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For more information on the arts and entertainment for the Eastside, check out TheBellevueScene.com
SR 520 bridge to close again Construction crews install another 22 huge concrete girders this weekend for a new lidded overpass in Medina, closing the State Route 520 floating bridge and highway Saturday night through Monday morning for the work. University of Washington Husky fans still will be able to get to the 7:30 p.m. Saturday kickoff before the road closes for construction. Crews close all westbound SR 520 highway lanes and ramps at 10 p.m. Saturday, Nov. 5, from Interstate 405 in Bellevue across the floating bridge to Montlake Boulevard in Seattle. Eastbound lanes close at 1 a.m. Sunday, Nov. 6. SR 520 will remain open between Interstate 5 and Montlake Boulevard, and from I-405 east to Redmond.
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Bellevue DAR sets celebration The Cascade chapter of the National Society Daughters of the American Revolution will celebrate its 50th anniversary Tuesday at the Bellevue Red Lion Inn. More information is available by contacting Kay Palmer at 425-235-9550.
Bellevue and Newcastle Apple Physical Therapy offices will collect new and gently used coats for the Salvation Army through Nov. 18. The Bellevue office is lo-
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Do you remember the Cider Jug?
Ernest Norling paints a mural on the wall of the Cider Jug in Eastside Heritage the mid or late 1940s. Photograph Centerâ€™s archives contains by Bill Brant a number of photographs of an establishment called the â€œCider Jug.â€? Apparently, the Cider Jug was part of the Crabapple Restaurant, an extremely popular eatery located in Bellevue Square in the mid-20th century. It may have simply been the section of the restaurant where alcohol was served. If you have any information about the Cider Jug please email the archivist at firstname.lastname@example.org or call 425-450-1049. Heritage Corner is a feature in the Bellevue Reporter. Material is provided by the Eastside Heritage Center. For more information call 425-450-1049.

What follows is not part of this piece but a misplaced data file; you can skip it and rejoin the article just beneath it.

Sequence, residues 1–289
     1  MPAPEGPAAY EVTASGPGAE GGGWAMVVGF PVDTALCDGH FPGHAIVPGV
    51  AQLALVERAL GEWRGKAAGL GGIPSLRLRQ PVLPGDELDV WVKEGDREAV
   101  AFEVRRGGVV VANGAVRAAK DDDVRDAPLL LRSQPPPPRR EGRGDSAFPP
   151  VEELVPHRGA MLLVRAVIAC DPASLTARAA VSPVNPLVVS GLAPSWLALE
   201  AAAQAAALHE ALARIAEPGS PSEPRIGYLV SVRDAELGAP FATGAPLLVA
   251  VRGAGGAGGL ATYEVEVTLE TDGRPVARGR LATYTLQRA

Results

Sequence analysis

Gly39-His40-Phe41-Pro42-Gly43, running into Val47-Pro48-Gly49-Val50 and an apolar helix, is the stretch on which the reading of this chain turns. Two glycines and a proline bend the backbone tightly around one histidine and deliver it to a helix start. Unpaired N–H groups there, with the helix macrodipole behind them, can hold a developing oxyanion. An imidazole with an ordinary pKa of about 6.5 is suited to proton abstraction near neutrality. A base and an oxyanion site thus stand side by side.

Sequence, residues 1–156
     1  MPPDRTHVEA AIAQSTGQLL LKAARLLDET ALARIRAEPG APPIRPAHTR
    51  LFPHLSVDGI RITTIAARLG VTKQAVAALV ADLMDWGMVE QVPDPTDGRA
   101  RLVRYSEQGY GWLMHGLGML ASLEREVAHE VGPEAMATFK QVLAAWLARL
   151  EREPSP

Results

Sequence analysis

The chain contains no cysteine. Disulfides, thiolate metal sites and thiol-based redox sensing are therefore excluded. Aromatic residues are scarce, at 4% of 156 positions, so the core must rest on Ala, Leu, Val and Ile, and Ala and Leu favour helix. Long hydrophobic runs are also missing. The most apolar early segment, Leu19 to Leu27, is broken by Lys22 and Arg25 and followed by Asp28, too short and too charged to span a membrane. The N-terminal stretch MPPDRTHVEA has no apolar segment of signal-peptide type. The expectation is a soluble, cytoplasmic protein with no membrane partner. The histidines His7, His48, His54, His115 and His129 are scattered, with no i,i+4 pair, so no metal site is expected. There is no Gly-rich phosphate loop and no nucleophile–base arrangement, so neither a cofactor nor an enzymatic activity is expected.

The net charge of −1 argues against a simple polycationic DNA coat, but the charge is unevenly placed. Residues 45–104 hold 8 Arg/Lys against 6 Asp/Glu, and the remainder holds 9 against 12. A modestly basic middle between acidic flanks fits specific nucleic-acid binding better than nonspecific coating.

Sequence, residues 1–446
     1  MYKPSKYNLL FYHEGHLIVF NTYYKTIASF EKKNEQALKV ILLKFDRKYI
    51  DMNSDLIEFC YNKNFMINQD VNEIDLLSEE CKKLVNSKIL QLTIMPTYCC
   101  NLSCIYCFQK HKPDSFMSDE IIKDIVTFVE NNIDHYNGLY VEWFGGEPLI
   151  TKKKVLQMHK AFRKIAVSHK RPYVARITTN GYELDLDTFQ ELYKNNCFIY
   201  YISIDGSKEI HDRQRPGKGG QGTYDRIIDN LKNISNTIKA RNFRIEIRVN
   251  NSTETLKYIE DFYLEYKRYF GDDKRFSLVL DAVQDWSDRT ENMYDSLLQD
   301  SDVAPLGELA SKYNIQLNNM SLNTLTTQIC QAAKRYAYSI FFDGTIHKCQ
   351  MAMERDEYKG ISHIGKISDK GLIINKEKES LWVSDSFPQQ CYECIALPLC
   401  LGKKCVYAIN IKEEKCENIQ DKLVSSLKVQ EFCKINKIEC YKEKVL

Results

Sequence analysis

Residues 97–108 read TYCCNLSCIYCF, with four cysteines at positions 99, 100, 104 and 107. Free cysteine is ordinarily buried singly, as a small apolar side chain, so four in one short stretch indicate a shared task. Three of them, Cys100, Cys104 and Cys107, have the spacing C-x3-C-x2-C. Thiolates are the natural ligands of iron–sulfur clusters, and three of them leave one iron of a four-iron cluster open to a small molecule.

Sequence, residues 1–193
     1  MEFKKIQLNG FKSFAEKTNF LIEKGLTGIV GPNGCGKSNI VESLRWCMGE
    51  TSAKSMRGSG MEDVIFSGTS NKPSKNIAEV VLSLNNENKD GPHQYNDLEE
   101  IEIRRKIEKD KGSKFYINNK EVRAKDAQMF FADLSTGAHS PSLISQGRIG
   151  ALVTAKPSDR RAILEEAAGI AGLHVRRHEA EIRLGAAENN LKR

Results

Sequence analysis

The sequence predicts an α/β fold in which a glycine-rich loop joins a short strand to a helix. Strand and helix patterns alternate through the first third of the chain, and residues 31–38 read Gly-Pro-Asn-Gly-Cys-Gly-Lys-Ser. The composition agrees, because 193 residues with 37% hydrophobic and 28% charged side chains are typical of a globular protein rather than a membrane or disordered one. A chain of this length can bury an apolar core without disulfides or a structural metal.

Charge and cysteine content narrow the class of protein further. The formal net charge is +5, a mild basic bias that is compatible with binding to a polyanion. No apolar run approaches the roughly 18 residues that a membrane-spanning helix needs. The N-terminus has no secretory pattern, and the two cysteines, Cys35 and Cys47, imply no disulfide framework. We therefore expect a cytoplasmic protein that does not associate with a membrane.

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Job seekers who speak limited English can attend a free career workshop at the Highland Community Center on Wednesday evenings in November and December. The Career Job Club will meet 6-7:30 p.m. Nov. 9, 16, 30 and Dec. 7 in the Fireside Room at the Highland Community Center, 14224 Bel-Red Road. For more information, visit www.prepareforworknow.com.
Sacred Heart School
The ReDress Shop
Job workshop for immigrants
Holiday boutique set
Bellevue women from different faiths and backgrounds will share stories about the foods they grew up with at a â€œFlavors of Diversityâ€? celebration hosted by the Cultural Conversations group at the Crossroads Community Center on Tuesday. The gathering, 1-2:30 p.m., and a Dec. 6 ethnic potluck, conclude a year of connecting for Cultural Conversations, a diverse group of women who meet
Coats for needy being collected
Attorney General and 2012 gubernatorial candidate Rob McKenna will be on hand for a lunch-time discussion about healthcare with Pulse for Overlake at the Parlor on Nov. 8. The event will begin at noon and is free for Pulse members and $25 for nonmembers. To RSVP for McKennaâ€™s lunch talk, visit http://bit.ly/ rXk6FQ
A holiday boutique Sunday will benefit the Association for Catholic Childhood. The event, from 10 a.m. to 4 p.m. at Overlake Golf and Country Club, 8000 NE 16th St., Medina. More information is available at www.forthechildrenww.org.
Diversity event set for Tuesday
t Convertible Tops & Interiors t Leather & Headliners t Sunroof Install & Repair t Seat Heaters & Tinting BELLEVUE t Water Leak Repair t Marine Canvas & Interiors Insurance t Custom Motorcycle Seats Claims Specialists t Home & Commercial t Recovering 800 118th Ave NE, Bellevue (Behind Whole Foods) t Upholstering See our other store Macâ€™s Upholstery t4FBUUMFt (206) 783-1696
Whatâ€™s happening in Bellevue and nearby areas
Bellevueâ€™s Ring Sports United will hold a fundraiser for boxer Alex Love, an Interlake High School graduate, from 11 a.m. to 2 p.m. Saturday at Ring Sports United, 1900 132nd Ave NE #A-6 in Bellevue, Love will be competing for a spot on the USA team for the inaugural year of womenâ€™s boxing in the 2012 Olympics. For more information, contact Jack Love at email@example.com.
November 4, 2011 
for tea about once a month in an effort to become more connected with their community. Those attending should RSVP for Flavors of Diversity or the Ethnic Potluck to Julie at 425-452-5372 or jellenhorn@bellevuewa. gov.